Children’s books by prominent politicians affiliated with the Democratic party are nothing new. After all, in 2006, Senator Edward Kennedy (D-Mass.) wrote My Senator and Me: A Dog’s Eye View of Washington, D.C., a picture book illustrated by David Small (Scholastic). More recently, in 2017, Senator Hillary Clinton (D-N.Y.) wrote a picture book edition of her bestselling 1996 memoir, It Takes a Village, illustrated by Marla Frazee (S&S/Wiseman); that same year, Senator Bernie Sanders (I-Vt.) wrote the Bernie Sanders Guide to Revolution (Holt).
Even a U.S. President has jumped on the publishing-books-for-children bandwagon: in 2010, Barack Obama wrote Of Thee I Sing: A Letter to My Daughters, illustrated by Loren Long (Knopf).
This fall and into 2019, two sitting U.S. senators—both of whom are Democrats, and whose names have been bandied about as possible presidential contenders in 2020—have written children’s books. While one senator’s book has already been released, the other senator’s first children’s book will drop after the holidays; her second children’s book will be released later on in 2019.
Last month, Senator Kirsten Gillibrand (D-N.Y.) wrote Bold & Brave, illustrated by Maira Kalman (Knopf), a picture book examining 10 suffragists who fought for women’s right to vote (the 19th Amendment, giving women this right, was passed in 1920). According to a statement provided to PW by her publisher, Gillibrand was inspired to write the book because her great-grandmother, grandmother, and mother all were “bold and brave” and taught her to “stand up and fight” for what she believes in and values.
“But who inspired them?” Gillibrand asks in her author’s statement, “The long chain of women before them who spoke out for what’s right—women who taught each generation that followed how to be bold and brave.” The suffragists profiled in Bold & Brave are Elizabeth Cady Stanton, Susan B. Anthony, Sojourner Truth, Harriet Tubman, Jovita Idár, Alice Paul, Inez Milholland, Ida B. Wells, Lucy Burns, and Mary Church Terrell.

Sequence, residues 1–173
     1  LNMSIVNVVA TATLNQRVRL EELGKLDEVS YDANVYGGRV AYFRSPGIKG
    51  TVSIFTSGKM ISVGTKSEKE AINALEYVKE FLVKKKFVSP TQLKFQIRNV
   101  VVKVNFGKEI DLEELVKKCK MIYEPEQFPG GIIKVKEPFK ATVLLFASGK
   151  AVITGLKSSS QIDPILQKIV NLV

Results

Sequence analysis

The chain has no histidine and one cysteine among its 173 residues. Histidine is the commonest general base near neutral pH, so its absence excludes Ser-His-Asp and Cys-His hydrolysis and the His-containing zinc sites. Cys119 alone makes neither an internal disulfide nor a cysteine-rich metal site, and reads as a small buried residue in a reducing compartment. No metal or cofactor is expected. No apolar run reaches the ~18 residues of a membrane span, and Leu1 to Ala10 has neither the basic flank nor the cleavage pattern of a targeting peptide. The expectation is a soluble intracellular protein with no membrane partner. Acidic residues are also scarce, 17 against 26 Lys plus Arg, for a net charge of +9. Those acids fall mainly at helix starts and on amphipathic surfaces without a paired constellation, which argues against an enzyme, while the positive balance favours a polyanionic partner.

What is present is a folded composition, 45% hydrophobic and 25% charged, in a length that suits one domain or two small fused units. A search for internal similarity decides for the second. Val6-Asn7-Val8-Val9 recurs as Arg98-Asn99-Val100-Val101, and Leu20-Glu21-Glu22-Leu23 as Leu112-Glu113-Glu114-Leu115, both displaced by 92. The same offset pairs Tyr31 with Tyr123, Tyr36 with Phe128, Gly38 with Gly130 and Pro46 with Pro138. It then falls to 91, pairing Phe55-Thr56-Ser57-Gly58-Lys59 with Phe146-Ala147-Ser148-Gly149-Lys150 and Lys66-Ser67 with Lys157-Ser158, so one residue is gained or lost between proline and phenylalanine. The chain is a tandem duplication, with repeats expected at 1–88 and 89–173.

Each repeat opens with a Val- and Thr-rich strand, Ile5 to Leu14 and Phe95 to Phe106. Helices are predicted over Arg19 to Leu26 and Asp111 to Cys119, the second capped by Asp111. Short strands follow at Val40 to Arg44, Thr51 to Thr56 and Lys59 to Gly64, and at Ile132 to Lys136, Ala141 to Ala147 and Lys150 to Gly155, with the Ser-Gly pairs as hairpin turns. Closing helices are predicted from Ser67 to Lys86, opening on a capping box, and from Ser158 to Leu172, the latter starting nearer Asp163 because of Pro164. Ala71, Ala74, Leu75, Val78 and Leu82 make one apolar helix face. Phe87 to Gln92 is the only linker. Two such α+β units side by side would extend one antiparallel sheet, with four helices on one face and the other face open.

Senator Kamala Harris (D-Calif.) isn’t publishing just one book in 2019: she is publishing three, beginning with a picture book memoir, Superheroes Are Everywhere, illustrated by Mechal Renee Roe (Philomel, Jan.). The book will be published concurrently with Senator Harris’s memoir for adults, The Truths We Hold: An American Journey (Penguin Press). Penguin Young Readers will release a middle grade adaptation of The Truths We Hold later in 2019.
In Superheroes Are Everywhere, Harris emphasizes that anyone can be a hero to the people in their lives and can do their bit to make the world a better place. In both editions of The Truths We Hold, Harris shares stories of the family, friends, and public figures who have inspired her, from her childhood in Oakland, Calif., until the present day.
In a release sent to the media by the publisher, Senator Harris stated that she wrote Superheroes Are Everywhere and the young readers’ edition of The Truths We Hold because “I have such hope for the future of our country and the generation of children who will grow to inherit it. I’m so happy to share my story with them in the hope that it will empower young people to become caring, thoughtful, passionate citizens who want to make a positive impact on the world.”
While Senator Amy Klobuchar (D-Minn.)—another Democrat whose name has also popped up in speculation about 2020 presidential candidates—did not write a book, she wrote the foreword for Nevertheless, We Persisted, edited by In This Together Media (Knopf, Sept.). In this collection of 48 essays, prominent figures in various fields—actors, activists, athletes, musicians, and writers—recount an incident in their youth when someone tried to hold them back because of their race, gender, or sexual identity—but, nevertheless, they, like Senator Elizabeth Warren, persisted. (The title comes from Senate Majority Leader Mitch McConnell’s words following his silencing of Senator Warren on the Senate floor during the 2017 confirmation hearings for Attorney General Jeff Sessions.)
In her foreword, Klobuchar discusses what it’s like to be a woman in the U.S. Senate, disclosing that while there have been 2,000 men in the Senate since our nation’s founding, only 50 women have served there to date. “The women of the Senate have all beaten the odds,” Klobuchar writes. “They’re all determined to get things done for the American people. And I’d add that not one of them is afraid to take chances, and—even more importantly—none is afraid to fail.” Because, Klobuchar insists, “failure is a big part of persisting.” After all, just as so many people who have stood up for what they believe have done, Klobuchar concludes, the only real way to make a difference is to “keep working, keep fighting, and keep persisting.”